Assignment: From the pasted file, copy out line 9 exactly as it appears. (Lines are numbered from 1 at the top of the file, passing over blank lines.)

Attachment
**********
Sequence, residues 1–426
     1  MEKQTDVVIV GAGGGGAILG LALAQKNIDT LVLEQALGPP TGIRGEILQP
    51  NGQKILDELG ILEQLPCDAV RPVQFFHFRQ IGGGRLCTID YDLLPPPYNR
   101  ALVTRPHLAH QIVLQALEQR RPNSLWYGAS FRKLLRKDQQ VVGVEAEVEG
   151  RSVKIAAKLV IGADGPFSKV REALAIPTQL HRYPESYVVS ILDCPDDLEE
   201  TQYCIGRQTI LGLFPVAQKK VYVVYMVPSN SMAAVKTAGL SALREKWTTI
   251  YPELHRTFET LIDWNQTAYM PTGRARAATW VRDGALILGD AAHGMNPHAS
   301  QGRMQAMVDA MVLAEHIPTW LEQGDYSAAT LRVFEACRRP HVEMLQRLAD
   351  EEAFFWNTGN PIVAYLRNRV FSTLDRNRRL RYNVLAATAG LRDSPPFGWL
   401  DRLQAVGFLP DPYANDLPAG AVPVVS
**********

   351  EEAFFWNTGN PIVAYLRNRV FSTLDRNRRL RYNVLAATAG LRDSPPFGWL